FDA: This Agency Can Be Dangerous

James T. and Karla L. Murray
Lexington Avenue at East 79th Street, New York City, 2008; photograph by James T. and Karla L. Murray from their book Store Front: The Disappearing Face of New York, published last year by Gingko Press

The US Food and Drug Administration (FDA) is a vital public agency. It is responsible for ensuring the safety of the foods we eat and many of the medical treatments we receive, and thereby regulates about a quarter of the nation’s domestic economy. I strongly believe in the FDA’s mission, and respect the many FDA employees who are dedicated to carrying it out.

But there is growing evidence that the Center for Drug Evaluation and Research (CDER, pronounced “cedar”), the part of the agency that regulates prescription drugs, has become the servant of the industry it regulates. This has resulted in the sale of drugs of uncertain benefits, some with serious side effects, and in the agency’s failure to respond promptly to evidence that a drug is dangerous. There is no better example than the agency’s decision to allow the diabetes drug Avandia to remain on the market after having determined three years ago that it increases the risk of heart problems and despite the existence of a similar drug that appeared safer. Even after revelations that the drug’s maker, the British company GlaxoSmithKline, suppressed indications of problems and biased its research in Avandia’s favor, the FDA remained reluctant to pull the drug. By the end of August it was still unclear whether the agency would remove Avandia from the market.1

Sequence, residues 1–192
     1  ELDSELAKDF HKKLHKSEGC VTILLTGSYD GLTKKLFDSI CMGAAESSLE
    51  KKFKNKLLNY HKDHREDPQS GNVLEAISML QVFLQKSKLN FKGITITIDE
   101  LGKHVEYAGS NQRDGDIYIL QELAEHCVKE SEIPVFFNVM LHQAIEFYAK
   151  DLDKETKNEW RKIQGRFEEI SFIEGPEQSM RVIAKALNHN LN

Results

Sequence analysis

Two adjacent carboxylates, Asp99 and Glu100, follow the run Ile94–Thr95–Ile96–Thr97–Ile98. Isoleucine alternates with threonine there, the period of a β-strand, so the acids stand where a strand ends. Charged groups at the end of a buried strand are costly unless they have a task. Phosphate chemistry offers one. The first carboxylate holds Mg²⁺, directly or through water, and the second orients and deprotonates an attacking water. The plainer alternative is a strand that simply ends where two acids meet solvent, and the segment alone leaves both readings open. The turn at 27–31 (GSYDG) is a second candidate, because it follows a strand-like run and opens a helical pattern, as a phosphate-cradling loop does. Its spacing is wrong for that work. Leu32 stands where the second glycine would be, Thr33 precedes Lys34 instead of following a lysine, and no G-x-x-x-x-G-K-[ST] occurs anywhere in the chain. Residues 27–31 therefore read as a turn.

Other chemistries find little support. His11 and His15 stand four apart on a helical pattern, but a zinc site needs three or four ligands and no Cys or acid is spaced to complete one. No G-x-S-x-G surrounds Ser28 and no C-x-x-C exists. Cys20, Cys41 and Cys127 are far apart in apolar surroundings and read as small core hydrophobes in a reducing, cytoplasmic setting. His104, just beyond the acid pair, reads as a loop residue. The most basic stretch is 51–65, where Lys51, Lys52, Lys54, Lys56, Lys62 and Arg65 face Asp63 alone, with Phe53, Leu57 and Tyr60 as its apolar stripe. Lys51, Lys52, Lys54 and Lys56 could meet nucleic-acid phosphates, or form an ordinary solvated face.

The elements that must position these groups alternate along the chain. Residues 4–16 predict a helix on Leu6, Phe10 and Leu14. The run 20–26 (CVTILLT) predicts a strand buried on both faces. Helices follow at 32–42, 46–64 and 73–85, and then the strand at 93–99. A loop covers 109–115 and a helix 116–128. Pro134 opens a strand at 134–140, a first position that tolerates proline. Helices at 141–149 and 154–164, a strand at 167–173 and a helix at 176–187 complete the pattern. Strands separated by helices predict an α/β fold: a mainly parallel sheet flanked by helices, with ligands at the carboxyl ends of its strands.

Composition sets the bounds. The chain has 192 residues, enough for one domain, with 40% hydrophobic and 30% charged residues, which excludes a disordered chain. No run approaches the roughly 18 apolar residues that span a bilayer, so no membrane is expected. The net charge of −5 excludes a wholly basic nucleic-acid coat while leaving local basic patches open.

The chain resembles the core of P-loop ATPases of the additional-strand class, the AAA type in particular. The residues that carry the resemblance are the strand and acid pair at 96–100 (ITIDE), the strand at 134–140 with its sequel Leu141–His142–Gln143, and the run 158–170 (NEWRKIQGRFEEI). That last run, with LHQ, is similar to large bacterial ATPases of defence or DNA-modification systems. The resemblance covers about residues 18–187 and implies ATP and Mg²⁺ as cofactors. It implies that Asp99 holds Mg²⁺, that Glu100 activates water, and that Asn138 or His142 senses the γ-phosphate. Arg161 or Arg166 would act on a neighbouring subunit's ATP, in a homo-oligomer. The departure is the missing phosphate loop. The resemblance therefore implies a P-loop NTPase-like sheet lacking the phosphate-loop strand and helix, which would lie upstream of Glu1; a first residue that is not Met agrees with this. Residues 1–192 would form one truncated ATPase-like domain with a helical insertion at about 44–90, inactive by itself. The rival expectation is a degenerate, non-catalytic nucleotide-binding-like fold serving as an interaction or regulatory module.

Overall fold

CDER also does not fulfill its obligation to oversee the marketing of prescription drugs, thus permitting misleading drug ads and illegal practices such as drug companies inducing doctors to prescribe drugs for uses that have not been approved by the FDA. Although nearly every major drug company has paid enormous fines to settle charges of illegal marketing (Pfizer’s recent $2.3 billion fine—for illegally promoting its painkiller Bextra and three other drugs—is the current record), they evidently consider the fines the cost of doing business, since the same practices keep recurring with little interference from CDER.

Americans use enormous amounts of prescription drugs. According to the Kaiser Family Foundation, 3.9 billion drug prescriptions were filled in the US in 2009, an average of 12.6 per person. Most people over age sixty-five take at least three prescription medications daily. Since the FDA is what stands between the public and an aggressive, profit-driven industry, its independence from the industry it regulates is of fundamental importance.

This is not an issue that receives much attention from Daniel Carpenter in his imposing new book, Reputation and Power: Organizational Image and Pharmaceutical Regulation at the FDA, nor does the related question of whether CDER is doing its job of ensuring that the drugs we take in such huge quantities are really…

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